Nuclear weapons were invented with one clear purpose in mind- wiping out the enemy. Since their creation, nukes have been used primarily in clandestine tests, and as a way for nations with nukes to flex their militaristic muscle.
Before (and perhaps a bit after) the nuke holding nations of the world realized the damaging long term effects of radiation exposure they had all kinds of wacky ideas in mind about what to do with their destructive new toys.
Nuking Canada for oil, detonating a nuke on the moon, and creating a massive lake in Egypt by detonating 200 hydrogen bombs in the Qattara Depression were all kicked around by madmen scientists who really should have known better than to use nuclear technology as a development tool!
Read on to discover The Ten Most Bizarre Ideas For Using Nuclear Weapons
I mean . . . using H-bombs to build a new lake or harbor?
I can't comment on the tree biology, but one potential problem with trees is that light elements, especially hydrogen, are really effective at slowing down neutrons. So things like water and organic compounds, meaning thicker trees or stuff in the soil might not get much neutron radiation (still plenty of gamma around) depending on its distance from the bomb. On the other end you'll get neutron activation of elements in the area, leading to weeks or longer of radioactivity in the area depending on what is around and what type of bomb was used. Insects also tend to handle 10 times or more as much radiation as vertebrates, and might survive up until close enough to be killed by the blast or fire.
In other words, it is one of those things that probably needs a lot of simple but monotonous calculations and a good materials reference book... and could go either way. Or digging through badly scanned reports from the Cold War when way too many calculations on radiation damage was done, probably including effects on trees and insects.
Leukemia is sometimes treated by removing bone marrow from the patient and then using drugs to kill the leukemic cells, leaving normal blood stem cells alive. The patient's body is then irradiated to kill the rest of their bone marrow, and the extracted stem cells are injected into the bone to re-populate it. (or a bone marrow transplant is performed). The idea is that the largely non-living structure of the bone will be retained, and will provide a scaffold on which the healthy cells will establish themselves.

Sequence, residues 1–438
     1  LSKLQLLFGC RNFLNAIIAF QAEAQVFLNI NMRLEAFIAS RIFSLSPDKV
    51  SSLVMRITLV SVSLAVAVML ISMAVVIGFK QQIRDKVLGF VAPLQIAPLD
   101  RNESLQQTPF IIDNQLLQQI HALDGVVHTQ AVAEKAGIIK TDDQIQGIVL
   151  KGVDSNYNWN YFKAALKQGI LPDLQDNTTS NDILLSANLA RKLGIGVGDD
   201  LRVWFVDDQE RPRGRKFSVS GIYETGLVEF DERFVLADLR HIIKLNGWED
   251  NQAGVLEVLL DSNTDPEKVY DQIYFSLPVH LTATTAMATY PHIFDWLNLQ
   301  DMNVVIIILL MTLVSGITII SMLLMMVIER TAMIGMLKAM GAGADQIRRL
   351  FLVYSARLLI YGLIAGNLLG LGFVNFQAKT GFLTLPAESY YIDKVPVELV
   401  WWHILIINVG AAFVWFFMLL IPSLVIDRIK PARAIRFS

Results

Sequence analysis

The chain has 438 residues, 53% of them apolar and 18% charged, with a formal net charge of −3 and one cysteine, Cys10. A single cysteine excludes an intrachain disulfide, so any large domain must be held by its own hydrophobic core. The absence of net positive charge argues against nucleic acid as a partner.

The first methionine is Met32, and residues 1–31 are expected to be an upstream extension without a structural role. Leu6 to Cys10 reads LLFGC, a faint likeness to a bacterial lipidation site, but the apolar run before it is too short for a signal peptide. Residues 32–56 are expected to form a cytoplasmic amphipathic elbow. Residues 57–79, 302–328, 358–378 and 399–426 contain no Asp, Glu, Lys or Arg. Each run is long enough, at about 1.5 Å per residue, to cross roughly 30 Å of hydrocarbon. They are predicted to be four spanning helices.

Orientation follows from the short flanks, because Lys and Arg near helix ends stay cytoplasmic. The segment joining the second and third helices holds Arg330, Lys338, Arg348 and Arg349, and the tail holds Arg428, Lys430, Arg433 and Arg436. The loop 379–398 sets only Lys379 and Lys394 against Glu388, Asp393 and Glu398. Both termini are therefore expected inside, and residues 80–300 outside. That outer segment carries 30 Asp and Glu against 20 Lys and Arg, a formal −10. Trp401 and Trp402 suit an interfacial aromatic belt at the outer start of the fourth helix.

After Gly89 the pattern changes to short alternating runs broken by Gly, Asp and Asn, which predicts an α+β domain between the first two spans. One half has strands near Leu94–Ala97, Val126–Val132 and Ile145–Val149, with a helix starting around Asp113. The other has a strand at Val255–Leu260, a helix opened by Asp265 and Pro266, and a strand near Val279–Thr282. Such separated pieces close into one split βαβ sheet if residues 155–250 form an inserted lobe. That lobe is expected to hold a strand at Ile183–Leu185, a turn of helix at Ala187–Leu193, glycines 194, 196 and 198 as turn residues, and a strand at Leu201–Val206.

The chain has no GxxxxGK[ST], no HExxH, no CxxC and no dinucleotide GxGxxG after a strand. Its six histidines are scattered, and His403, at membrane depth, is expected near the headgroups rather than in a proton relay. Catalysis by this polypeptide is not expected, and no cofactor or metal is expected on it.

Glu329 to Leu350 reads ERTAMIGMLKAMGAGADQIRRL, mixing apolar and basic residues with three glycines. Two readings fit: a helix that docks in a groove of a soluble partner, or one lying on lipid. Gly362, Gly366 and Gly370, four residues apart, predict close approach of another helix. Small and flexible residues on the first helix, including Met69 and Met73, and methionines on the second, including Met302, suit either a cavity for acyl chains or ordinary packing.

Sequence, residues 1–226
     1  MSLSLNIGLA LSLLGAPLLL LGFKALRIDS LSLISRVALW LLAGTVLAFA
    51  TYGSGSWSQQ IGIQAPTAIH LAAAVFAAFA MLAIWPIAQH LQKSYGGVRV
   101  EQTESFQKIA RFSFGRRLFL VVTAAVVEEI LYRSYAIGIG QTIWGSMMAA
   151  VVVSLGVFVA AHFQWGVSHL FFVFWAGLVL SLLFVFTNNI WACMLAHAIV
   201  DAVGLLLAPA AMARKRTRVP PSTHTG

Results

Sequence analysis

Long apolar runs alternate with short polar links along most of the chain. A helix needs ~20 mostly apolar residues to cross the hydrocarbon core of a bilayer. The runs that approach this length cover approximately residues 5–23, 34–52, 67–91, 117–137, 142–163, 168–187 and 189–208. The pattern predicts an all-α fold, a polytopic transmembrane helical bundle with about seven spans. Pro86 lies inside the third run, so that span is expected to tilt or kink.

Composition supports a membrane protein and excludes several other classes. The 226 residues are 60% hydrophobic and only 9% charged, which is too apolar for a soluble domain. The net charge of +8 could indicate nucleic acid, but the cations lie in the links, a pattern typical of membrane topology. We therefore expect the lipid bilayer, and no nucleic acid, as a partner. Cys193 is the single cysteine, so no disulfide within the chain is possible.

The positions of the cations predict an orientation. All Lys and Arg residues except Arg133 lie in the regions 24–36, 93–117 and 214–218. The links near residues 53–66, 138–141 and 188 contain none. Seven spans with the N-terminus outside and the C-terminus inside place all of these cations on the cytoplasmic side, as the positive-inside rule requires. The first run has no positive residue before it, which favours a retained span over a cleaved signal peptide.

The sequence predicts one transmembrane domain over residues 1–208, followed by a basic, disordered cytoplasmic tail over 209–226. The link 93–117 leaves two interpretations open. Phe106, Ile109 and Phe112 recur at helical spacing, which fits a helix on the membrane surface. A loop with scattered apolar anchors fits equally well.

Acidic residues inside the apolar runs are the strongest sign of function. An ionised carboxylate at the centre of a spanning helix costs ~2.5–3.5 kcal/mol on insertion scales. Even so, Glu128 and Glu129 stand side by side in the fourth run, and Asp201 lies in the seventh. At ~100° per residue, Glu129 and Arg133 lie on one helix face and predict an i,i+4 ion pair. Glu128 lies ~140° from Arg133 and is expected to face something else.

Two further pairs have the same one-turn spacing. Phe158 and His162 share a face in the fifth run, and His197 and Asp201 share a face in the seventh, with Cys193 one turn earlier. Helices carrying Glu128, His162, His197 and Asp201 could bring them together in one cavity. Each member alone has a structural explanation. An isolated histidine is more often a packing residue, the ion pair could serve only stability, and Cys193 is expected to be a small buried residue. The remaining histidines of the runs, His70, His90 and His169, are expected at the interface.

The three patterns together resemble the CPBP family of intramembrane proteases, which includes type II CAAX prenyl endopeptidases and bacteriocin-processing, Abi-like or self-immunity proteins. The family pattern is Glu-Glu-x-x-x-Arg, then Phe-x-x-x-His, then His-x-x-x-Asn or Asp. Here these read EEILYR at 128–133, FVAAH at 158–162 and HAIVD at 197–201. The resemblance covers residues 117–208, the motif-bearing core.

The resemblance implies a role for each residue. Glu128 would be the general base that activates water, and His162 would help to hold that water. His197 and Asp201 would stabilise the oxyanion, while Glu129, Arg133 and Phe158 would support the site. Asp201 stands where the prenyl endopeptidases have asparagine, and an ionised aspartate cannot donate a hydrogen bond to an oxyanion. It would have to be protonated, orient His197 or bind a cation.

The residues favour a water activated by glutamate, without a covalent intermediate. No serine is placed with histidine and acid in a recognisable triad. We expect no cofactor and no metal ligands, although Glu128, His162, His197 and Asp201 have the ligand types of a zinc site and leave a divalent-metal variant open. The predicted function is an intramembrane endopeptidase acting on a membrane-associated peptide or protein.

One day, I was looking at a tree that was riddled with the holes left by some kind of beetle. The beetle larvae killed the tree, but the dead wood retained the overall shape of the tree when it was alive. Trees are made largely of non-living material, with a thin layer of living cells called the cambium layer (not to be confused with the cambrian layer, which is a geologic stratum formed half a billion years ago). If the living cells of the cambium could be extracted and grown in cell culture, an infected tree could then be irradiated to kill off invading beetles. The cells could then be re-introduced into the cambium layer to re-populate the structure of the tree and restore it to its healthy, living condition.
Unlike humans, though, a tree cannot be moved into a nuclear medicine facility for radiation treatments. Some means would be needed to bring the irradiation to the tree. Happily, our military already developed the notorious neutron bomb. Remember, this bomb is able to kill all living things, but leave buildings intact. Bark beetle (or fungal disease) infections of trees never occur in isolation, but are area-wide effects, which are just the right scale for the neutron bomb. A forest that is suffering from an infestation could be sterilized by neutron bomb, and then the trees could be revitalized by infiltration with new cells.
By extension, whole neighborhoods could be rid of pests, such as roaches, termites, fire ants, bedbugs or rodents by evacuating the people and their pets, followed by a neutron bomb blast. Minor structural damage could be repaired, and then people could return. They would have to re-seed their lawns and gardens, but would start from a clean slate, pest-wise.